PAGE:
Growing grevilleas in containers
Many of the smaller growing grevilleas are suitable for growing in containers. Always use a quality potting mix, regular fertilizing and watering to achieve healthy results.

 

Flower formation
Grevilleas are often grouped together by their flower formations.

 

 

Erect clusters- flowers are terminal, to form an upright spider like flower. Pendent clusters- flowers are either terminal or along branches, but hang down in a spider like formation.
Toothbrush type- flowers produced terminally along a one sided spike. Cylindrical spike- flowers are formed around a terminal spike.
 
Soft feathery spike- flowers formed in a loose open terminal spike.

Bird attractors
Many of the grevilleas are excellent bird attractors. However, if we only plant the big showy flowery plants, we will only attract the larger bossy honey eaters. Remember to also grow some of the smaller prickly grevillea species to provide protection for the smaller honey eaters.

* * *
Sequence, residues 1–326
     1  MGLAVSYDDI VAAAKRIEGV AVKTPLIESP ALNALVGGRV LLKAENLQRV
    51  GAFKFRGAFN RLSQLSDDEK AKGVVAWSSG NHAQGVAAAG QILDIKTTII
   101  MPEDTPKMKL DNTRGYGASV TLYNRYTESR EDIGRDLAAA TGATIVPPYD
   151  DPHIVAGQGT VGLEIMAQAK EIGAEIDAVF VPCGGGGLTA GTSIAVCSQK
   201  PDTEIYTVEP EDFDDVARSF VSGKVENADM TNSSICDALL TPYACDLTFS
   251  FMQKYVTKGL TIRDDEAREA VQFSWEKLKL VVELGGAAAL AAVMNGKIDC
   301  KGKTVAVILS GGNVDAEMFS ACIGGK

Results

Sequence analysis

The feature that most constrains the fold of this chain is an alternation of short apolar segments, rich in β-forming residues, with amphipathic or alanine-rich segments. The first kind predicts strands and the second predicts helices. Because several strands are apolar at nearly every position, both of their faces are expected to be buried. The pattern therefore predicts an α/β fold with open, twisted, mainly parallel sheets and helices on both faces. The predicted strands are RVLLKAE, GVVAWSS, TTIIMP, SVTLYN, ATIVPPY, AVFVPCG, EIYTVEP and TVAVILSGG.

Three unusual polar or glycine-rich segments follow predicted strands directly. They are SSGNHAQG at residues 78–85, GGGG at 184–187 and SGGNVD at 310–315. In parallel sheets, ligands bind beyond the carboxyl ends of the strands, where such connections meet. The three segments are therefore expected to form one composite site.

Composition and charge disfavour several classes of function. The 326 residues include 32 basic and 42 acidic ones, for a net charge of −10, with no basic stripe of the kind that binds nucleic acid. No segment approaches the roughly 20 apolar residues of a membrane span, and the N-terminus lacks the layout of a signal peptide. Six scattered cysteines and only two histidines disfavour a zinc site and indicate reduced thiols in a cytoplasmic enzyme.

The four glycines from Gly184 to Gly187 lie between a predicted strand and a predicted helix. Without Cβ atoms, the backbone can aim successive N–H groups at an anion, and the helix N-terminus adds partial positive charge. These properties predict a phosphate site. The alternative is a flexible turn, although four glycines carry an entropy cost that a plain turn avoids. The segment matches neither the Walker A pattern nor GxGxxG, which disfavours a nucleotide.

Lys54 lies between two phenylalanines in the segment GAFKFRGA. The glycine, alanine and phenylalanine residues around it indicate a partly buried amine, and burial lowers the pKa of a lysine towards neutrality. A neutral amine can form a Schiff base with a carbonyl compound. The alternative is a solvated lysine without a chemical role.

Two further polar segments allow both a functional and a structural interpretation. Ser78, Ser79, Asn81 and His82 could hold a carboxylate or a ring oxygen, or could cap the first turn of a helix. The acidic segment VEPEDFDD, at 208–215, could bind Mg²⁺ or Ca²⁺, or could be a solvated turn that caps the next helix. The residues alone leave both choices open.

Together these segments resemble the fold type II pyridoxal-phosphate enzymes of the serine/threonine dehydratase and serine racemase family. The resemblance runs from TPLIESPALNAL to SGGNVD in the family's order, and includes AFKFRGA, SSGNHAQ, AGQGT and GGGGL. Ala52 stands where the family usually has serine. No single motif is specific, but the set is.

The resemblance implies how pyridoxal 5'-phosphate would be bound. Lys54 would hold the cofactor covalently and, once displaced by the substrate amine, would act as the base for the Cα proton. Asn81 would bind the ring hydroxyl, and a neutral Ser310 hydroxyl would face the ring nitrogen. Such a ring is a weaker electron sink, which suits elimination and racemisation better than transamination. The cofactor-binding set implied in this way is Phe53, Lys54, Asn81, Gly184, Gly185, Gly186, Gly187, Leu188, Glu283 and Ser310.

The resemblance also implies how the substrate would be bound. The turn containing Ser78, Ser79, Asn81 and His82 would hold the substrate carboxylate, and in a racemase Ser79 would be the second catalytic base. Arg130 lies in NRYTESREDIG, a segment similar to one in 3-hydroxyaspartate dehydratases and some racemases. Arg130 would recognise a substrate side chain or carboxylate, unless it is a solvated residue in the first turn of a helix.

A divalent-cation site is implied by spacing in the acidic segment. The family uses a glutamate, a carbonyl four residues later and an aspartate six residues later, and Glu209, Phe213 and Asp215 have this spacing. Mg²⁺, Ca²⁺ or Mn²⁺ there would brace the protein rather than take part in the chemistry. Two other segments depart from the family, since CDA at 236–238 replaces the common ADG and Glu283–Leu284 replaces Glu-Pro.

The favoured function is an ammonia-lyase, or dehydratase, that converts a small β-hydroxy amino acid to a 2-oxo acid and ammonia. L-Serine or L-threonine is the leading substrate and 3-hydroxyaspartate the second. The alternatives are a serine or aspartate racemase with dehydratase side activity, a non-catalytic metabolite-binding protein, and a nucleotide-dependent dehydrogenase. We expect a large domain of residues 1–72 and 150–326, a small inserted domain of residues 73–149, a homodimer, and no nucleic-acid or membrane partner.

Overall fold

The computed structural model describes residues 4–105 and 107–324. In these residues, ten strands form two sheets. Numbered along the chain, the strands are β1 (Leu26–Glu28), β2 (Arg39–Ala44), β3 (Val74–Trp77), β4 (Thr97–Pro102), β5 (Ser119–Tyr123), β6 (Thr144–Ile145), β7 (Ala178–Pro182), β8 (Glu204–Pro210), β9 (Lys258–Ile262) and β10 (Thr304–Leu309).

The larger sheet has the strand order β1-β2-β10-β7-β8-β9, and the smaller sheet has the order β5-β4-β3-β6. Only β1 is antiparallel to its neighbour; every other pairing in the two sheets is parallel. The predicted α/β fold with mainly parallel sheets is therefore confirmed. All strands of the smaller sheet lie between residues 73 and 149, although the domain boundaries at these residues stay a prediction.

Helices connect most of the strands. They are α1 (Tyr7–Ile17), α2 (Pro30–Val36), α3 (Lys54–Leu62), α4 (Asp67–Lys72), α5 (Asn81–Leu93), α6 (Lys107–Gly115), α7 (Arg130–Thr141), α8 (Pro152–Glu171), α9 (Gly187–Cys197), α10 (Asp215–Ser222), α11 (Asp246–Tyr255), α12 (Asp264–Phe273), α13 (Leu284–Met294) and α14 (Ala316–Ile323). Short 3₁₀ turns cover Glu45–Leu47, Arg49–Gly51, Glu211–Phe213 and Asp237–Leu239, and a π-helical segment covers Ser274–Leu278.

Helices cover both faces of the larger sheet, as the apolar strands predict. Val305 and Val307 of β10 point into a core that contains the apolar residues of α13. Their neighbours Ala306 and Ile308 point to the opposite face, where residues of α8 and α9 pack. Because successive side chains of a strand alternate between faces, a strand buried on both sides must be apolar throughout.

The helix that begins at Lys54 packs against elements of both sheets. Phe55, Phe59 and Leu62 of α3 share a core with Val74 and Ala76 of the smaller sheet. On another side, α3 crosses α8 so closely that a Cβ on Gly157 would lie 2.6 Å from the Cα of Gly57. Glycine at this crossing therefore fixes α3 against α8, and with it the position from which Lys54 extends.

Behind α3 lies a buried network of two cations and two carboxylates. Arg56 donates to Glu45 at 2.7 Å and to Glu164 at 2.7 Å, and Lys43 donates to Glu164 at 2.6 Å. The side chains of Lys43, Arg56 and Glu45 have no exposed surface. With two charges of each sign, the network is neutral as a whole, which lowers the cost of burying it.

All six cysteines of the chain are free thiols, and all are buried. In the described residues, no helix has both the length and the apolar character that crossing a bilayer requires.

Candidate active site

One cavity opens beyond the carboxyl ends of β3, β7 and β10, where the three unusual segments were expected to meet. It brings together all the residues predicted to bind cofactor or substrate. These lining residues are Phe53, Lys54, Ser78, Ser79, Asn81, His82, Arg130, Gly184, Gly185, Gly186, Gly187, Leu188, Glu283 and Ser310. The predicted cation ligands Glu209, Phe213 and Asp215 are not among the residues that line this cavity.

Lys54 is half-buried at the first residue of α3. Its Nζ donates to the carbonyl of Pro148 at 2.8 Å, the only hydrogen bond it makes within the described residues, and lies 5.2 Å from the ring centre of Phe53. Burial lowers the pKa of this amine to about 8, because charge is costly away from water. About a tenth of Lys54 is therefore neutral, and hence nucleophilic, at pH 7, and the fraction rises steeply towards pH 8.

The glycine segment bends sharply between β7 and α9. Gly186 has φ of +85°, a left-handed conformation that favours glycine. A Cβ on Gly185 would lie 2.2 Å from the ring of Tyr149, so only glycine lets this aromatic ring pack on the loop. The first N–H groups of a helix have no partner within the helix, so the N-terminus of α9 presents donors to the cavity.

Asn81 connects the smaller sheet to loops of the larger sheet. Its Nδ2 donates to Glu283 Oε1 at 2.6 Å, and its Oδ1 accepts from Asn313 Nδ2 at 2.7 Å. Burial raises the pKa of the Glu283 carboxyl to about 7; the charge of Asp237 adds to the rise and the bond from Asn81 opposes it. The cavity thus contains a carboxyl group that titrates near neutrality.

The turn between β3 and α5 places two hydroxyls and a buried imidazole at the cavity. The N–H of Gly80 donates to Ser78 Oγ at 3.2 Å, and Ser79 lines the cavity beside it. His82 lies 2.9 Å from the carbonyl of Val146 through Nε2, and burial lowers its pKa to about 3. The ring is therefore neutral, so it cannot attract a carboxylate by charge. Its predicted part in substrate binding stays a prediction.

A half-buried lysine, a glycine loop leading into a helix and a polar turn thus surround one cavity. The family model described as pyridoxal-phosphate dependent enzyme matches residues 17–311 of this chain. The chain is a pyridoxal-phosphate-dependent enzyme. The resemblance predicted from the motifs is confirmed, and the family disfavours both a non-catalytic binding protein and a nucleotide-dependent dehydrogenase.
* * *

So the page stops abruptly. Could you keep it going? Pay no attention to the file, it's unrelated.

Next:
Local grevilleas

Name

Comment

Grevillea buxifolia
Grey Spider Flower
1.5 x 1m. Large clusters of grey spidery type flowers are produced throughout the year. G. buxifolia is reliable in cultivation.

Grevillea sericea
Pink Spider Flower.

1.5 x 1m. An erect shrub. The flowers range in colour from pale pink through to deep pink, and there is also a white flowered form. A dark pink from the Collaroy Plateau is one worth growing.

Grevillea speciosa
Red Spider Flower.
1 to 2 x 1 to 1.5m. A shrub that can be tall and upright or low and bushy.  Brilliant red spidery flowers are seen throughout the year.  A reliable plant if the drainage is good.